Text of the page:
- James SneeHormel Chief Executive Officer
- Luis MarconiHormel Group Vice President, Grocery Products
- Alfred AlmanzaUSDA Deputy Under Secretary for Food Safety
Stop the Unhealthy and Inhumane High-Speed Slaughter of Pigs
The U.S. Department of Agriculture (USDA) is working to expand a flawed pilot program that allows select slaughterhouses to dramatically speed up their slaughter lines, while simultaneously pulling back on government oversight. I recently worked undercover at one of these pilot facilities, and captured on video the shocking ways this program fails to protect animal welfare--and American food safety.
Please join me in telling USDA and Hormel it’s time to stop this high-speed, reduced-inspection pilot program, known as HIMP. By shifting key inspection responsibilities to the slaughterhouses themselves, this program is allowing animal abuse and food safety problems to increasingly go unchecked. Consumers deserve more, not less, oversight in food production.
Before going undercover at Quality Pork Processors in Austin, Minnesota, I knew that I would see appalling abuses and nightmarish animal suffering—that’s unavoidable at a slaughter plant, especially one that processes 1,300 pigs each hour. But what I didn’t expect was how rare it would be to encounter a government inspector on the kill floor, or how many pigs would be processed into Spam or other Hormel products despite being sick, injured, riddled with pus-filled abscesses, or covered in feces.
Even knowing what I did about animal cruelty, I naively believed that the government was at least making sure that the food supply was safe—but I don’t believe that anymore. Now, I know that our government has rubber-stamped a program that gives the profit-driven pork industry free reign to “monitor” itself.
I documented plant employees, under pressure to keep up with the facility’s high operating speeds, dragging, kicking, beating, and excessively shocking pigs. I even saw pigs regaining consciousness on the slaughter line—a major violation of federal law.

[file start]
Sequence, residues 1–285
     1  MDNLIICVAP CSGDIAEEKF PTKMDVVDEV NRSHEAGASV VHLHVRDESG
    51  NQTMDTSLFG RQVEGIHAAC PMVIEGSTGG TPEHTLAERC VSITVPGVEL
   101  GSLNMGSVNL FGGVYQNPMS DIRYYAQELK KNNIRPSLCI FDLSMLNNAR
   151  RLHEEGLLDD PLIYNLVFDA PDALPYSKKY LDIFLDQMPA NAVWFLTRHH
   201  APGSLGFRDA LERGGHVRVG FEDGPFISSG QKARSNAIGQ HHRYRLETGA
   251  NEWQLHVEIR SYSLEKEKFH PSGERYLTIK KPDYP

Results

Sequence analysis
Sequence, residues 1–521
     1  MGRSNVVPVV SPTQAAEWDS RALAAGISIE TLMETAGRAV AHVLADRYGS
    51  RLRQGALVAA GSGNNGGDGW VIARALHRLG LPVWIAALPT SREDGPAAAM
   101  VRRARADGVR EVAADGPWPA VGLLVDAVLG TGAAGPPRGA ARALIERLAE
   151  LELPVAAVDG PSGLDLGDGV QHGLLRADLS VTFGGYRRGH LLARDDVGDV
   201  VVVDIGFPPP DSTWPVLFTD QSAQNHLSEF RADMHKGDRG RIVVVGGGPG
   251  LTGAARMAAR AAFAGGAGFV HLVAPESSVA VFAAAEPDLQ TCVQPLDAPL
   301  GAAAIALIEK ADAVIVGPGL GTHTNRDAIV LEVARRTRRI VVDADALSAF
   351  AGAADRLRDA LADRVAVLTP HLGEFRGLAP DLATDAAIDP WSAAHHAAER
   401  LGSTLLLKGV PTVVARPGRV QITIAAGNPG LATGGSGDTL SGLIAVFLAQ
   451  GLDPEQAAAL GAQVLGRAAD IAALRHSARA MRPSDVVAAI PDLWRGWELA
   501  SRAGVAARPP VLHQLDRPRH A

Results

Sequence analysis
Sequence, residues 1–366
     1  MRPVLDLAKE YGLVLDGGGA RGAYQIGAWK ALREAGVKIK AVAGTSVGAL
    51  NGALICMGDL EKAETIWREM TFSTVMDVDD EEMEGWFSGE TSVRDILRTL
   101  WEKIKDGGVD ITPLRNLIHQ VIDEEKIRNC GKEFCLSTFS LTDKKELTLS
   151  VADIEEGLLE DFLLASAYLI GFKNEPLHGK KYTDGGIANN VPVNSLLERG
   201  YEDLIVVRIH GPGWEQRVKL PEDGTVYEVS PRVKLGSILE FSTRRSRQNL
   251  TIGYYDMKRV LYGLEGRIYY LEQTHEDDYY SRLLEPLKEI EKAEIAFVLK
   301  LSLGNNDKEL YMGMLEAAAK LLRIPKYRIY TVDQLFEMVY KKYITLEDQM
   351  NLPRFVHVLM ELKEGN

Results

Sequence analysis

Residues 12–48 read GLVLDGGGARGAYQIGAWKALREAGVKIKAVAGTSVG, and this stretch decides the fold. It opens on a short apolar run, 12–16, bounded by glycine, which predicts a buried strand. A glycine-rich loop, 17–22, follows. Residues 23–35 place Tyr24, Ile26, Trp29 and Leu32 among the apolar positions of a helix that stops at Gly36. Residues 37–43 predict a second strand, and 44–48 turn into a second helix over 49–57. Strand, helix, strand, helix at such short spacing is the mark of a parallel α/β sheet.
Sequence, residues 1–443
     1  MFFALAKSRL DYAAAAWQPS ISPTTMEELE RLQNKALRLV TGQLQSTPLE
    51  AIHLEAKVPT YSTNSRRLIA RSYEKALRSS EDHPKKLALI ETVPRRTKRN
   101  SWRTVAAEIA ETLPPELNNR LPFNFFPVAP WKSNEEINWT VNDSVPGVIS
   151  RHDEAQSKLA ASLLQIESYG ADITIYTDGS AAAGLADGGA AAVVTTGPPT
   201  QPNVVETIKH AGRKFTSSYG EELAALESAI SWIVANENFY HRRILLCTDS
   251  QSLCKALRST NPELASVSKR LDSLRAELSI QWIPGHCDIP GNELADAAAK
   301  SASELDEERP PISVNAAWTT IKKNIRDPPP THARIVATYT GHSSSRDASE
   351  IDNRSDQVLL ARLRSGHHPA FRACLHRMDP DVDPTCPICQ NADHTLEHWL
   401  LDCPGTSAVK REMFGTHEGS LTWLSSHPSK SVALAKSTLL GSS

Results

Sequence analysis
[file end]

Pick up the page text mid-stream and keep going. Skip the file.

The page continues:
But, I never saw the workers being held accountable for these or other abuses, and it’s no wonder—why would a company “inspector” blow the whistle on his coworkers and employer?
Let’s demand that USDA’s Food Safety and Inspection Service to live up to its name and do just that—meaningfully inspect our nation’s slaughterhouses. It can’t continue to bow to pressure from industry giants like Hormel. We must end this high-speed slaughter program, which replaces highly-trained inspectors with untrained, industry employees—with devastating results for animals, workers, and consumers.
“Jay” (Compassion Over Killing undercover investigator)
- Hormel Chief Executive Officer
- Hormel Group Vice President, Grocery Products
- USDA Deputy Under Secretary for Food Safety
I’m writing to urge you to put an end to HIMP, the high-speed, reduced-oversight USDA pilot program in place at five U.S. pig slaughterhouses--three which are owned by or exclusively supply to Hormel.
Only the pork industry stands to gain from this program, which increases output but decreases accountability, and it’s inevitable that both animal abuse and food safety issues will flourish if this program is rolled out nationwide.
Animals, workers, and consumers desperately need USDA to work for them, not the industry. Please work to strengthen, not weaken, existing animal welfare and food safety protections, and terminate the HIMP program for good.
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